Politics of Improv
Taught By: Danielle Goldman
Improvisation is all around us. It occurs in a wide range of human activity, from creative practice in the arts to everyday conversations to spontaneous negotiations with one’s environment. Nevertheless, perhaps because of its liveness and unpredictability, improvisation is often difficult to define and analyze. In this course, students draw from recent scholarship on improvisation within the fields of philosophy, anthropology, musicology, as well as dance and performance studies, in order to grapple with the nature of improvisation, and to consider its potential as a meaningful political practice. At various points, the course also turns to jazz and jazz studies, where one finds a vast and rigorous analysis of improvisation, and often an exacting look at race, gender, and the politics of performance. Where does improvisation come from, and where might its power exist? In addition to critical texts, students consider a range of live and recorded performances throughout the semester.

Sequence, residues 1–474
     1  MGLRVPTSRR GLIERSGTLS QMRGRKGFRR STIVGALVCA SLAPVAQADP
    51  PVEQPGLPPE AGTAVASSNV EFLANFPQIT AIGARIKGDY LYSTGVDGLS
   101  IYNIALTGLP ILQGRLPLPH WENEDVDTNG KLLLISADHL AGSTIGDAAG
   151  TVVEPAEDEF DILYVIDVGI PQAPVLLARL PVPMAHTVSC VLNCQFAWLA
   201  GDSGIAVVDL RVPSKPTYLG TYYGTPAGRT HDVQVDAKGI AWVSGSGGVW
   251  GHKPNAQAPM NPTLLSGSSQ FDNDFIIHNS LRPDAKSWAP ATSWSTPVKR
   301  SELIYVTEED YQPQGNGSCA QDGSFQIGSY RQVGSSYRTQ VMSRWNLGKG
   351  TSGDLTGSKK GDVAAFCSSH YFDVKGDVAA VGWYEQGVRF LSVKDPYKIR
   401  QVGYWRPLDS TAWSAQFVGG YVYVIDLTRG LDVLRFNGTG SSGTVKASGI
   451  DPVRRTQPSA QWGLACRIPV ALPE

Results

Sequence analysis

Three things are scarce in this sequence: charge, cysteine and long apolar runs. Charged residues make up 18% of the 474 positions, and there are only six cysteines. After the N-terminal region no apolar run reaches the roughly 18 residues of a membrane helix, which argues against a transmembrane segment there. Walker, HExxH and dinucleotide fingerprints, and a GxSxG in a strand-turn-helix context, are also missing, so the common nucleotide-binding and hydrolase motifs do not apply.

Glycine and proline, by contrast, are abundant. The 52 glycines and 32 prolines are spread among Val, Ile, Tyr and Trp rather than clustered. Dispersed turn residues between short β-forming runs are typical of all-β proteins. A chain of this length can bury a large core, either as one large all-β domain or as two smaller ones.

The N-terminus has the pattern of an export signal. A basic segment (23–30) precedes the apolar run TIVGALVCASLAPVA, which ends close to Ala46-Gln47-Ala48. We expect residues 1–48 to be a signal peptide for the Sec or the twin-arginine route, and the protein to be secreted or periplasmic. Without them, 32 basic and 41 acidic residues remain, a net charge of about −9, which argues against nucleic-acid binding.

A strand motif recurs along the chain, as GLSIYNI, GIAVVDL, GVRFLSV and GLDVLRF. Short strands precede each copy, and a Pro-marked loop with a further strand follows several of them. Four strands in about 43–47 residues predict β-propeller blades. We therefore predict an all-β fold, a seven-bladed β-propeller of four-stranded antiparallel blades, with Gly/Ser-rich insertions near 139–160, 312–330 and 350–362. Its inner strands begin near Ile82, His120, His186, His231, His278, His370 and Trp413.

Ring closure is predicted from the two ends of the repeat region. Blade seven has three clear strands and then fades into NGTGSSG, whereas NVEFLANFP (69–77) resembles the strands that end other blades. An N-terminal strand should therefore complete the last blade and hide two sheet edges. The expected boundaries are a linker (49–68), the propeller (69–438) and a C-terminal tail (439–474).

College: Eugene Lang College Lib Arts (LC)
Department: The Arts (LARS)
Campus: New York City (GV)
Course Format: Seminar (R)
Max Enrollment: 18
Add/Drop Deadline: February 6, 2022 (Sunday)
Online Withdrawal Deadline: April 17, 2022 (Sunday)
Seats Available: Yes
* Seats available but reserved for a specific population.
* Status information is updated every few minutes. The status of this course may have changed since the last update. Open seats may have restrictions that will prevent some students from registering. Updated: 8:10pm 6/26/2022 EDT